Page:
Though she faced discrimination in this male-dominated workplace, many of the men who worked at the factory came to respect her, even going as far as to pool their money to buy her a gold bracelet when she was temporarily laid off when factory work was slow. “I was so shocked, because they put a note of appreciation with the bracelet, and they hated to see me go,” says Ledbetter.

The Realities Of The Pay Gap

In 1997, after 19 years of working at the factory and just two years before she planned on retiring, Ledbetter received an anonymous note in her work mailbox. It tipped her off that she had been paid only a fraction of the salary that her male counterparts were paid doing the same job. Understandably upset, Ledbetter says she put the note in her pocket and thought about it all through her 12-hour night shift.

“I didn't see how I'd get through that shift and hold my head up with the dignity I should, not knowing how many people throughout the factory knew how much less I made than the men,” says Ledbetter. “Halfway through the night, it occurred to me that it was not only the wages I'd been earning that I lost out on, but it was also my contributory retirement, my 401K, my social security, because it was so much less than it should have been.”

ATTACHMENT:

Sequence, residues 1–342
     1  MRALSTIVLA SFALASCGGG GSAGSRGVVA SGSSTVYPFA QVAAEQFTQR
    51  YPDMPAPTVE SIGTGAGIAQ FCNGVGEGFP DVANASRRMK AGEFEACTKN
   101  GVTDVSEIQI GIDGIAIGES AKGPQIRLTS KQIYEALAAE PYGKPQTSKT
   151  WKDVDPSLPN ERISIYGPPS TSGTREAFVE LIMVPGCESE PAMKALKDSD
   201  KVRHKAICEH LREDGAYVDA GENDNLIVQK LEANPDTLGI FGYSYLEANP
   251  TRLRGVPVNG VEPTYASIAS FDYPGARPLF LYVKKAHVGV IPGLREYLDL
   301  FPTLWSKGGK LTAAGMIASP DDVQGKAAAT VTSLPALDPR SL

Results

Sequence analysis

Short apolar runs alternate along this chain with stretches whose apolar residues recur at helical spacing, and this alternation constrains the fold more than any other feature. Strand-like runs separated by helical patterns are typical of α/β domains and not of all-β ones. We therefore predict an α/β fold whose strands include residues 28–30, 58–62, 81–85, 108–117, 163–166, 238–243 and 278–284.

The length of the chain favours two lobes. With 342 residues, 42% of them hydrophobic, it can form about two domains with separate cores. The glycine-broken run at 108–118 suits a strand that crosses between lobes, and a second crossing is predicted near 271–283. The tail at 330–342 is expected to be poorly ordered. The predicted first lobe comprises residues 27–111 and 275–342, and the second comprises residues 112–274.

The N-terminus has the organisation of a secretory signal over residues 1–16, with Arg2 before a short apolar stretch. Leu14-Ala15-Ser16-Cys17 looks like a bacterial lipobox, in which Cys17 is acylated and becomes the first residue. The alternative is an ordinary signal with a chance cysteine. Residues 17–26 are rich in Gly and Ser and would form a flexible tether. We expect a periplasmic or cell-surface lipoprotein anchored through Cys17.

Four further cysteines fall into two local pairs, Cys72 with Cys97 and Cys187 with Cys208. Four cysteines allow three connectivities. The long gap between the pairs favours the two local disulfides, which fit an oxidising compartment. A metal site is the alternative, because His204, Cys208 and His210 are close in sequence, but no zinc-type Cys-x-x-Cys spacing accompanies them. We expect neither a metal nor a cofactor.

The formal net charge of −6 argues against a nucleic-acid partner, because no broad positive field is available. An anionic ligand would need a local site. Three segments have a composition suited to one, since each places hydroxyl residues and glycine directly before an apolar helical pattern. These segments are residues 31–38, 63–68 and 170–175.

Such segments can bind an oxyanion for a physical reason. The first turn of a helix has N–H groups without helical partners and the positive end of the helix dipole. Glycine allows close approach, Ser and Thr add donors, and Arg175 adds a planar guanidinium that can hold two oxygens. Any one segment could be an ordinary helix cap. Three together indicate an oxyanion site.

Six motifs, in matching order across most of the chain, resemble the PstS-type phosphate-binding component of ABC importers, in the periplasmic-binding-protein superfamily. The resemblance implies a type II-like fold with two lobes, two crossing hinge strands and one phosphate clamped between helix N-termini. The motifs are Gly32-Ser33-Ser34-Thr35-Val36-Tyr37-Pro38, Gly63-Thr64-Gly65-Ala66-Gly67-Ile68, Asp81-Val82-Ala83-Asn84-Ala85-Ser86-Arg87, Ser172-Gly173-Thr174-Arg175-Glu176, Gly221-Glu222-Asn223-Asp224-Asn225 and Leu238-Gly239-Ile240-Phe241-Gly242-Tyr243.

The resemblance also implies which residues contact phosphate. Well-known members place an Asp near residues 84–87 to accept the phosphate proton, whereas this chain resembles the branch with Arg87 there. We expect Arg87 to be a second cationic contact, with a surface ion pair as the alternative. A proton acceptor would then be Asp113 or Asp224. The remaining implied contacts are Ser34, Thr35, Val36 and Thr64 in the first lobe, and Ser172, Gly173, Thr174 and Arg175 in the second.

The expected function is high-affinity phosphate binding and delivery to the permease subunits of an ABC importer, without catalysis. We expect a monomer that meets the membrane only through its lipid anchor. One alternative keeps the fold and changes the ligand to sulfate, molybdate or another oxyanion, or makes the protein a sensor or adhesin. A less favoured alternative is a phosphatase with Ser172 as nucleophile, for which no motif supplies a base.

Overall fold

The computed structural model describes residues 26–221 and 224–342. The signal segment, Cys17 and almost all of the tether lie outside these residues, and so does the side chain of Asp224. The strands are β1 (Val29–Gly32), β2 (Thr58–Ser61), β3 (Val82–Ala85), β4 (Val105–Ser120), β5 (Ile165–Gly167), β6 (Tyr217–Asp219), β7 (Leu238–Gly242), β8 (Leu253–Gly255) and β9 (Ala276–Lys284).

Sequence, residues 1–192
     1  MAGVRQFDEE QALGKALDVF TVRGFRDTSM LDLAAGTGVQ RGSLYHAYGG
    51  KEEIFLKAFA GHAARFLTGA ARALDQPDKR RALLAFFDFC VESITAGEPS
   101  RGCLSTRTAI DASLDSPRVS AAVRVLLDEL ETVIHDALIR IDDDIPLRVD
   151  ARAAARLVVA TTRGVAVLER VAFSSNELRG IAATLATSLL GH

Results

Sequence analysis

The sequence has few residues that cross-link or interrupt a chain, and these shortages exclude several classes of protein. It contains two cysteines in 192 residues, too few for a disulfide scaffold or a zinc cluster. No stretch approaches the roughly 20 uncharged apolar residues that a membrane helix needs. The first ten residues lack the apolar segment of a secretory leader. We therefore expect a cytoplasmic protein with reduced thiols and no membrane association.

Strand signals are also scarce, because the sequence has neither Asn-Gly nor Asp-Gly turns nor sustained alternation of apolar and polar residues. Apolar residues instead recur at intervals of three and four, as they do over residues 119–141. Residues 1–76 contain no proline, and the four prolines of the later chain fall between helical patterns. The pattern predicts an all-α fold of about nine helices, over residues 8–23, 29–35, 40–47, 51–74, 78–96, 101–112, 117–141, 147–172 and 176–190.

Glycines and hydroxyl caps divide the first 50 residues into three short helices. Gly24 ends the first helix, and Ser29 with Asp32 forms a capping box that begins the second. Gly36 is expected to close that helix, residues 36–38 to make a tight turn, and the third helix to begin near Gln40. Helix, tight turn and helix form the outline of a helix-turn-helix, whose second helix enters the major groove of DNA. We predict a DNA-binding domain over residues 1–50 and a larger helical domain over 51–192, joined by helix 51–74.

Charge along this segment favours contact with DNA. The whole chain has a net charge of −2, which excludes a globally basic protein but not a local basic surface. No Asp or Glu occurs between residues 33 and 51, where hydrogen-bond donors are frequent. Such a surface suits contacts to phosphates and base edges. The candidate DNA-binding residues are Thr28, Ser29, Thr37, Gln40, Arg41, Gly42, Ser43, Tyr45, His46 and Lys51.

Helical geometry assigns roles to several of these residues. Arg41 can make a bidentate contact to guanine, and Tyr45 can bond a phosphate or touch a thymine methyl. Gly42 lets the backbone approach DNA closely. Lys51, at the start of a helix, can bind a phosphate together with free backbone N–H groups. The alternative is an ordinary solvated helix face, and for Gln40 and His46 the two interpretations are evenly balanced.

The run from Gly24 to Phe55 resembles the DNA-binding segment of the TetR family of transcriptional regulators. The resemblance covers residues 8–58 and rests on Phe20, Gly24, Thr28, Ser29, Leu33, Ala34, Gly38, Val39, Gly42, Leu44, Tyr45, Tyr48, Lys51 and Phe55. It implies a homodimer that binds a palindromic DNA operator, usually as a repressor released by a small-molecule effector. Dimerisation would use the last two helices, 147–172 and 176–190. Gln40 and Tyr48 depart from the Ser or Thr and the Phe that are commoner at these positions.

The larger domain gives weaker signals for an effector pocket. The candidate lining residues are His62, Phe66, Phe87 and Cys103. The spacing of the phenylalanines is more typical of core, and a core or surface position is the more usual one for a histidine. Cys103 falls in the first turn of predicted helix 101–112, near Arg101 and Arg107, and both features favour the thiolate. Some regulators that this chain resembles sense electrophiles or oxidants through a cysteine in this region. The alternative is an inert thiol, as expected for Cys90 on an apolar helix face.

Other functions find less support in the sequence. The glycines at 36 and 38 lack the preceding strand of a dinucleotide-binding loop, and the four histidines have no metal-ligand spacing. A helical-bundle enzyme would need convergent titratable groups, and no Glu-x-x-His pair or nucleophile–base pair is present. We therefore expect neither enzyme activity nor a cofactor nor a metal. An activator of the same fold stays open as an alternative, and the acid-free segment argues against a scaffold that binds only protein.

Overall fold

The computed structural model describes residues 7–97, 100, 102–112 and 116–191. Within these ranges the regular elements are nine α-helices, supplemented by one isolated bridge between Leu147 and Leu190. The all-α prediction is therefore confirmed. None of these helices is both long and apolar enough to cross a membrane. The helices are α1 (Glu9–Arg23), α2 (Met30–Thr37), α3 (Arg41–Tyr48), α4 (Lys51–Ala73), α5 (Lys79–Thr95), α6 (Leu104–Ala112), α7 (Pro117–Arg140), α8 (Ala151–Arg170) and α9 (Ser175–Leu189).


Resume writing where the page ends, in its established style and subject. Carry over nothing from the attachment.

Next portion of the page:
Ledbetter says that when she thought of all those factors combined, she knew she had to do something about it. She recalls, “When I got home the next morning, I explained to my husband what I had learned. I said, ‘Unless you object, I need to go to Birmingham, Alabama to the Equal Employment Opportunity Commission, and file a charge.’ He said, ‘What time do you want to leave?’”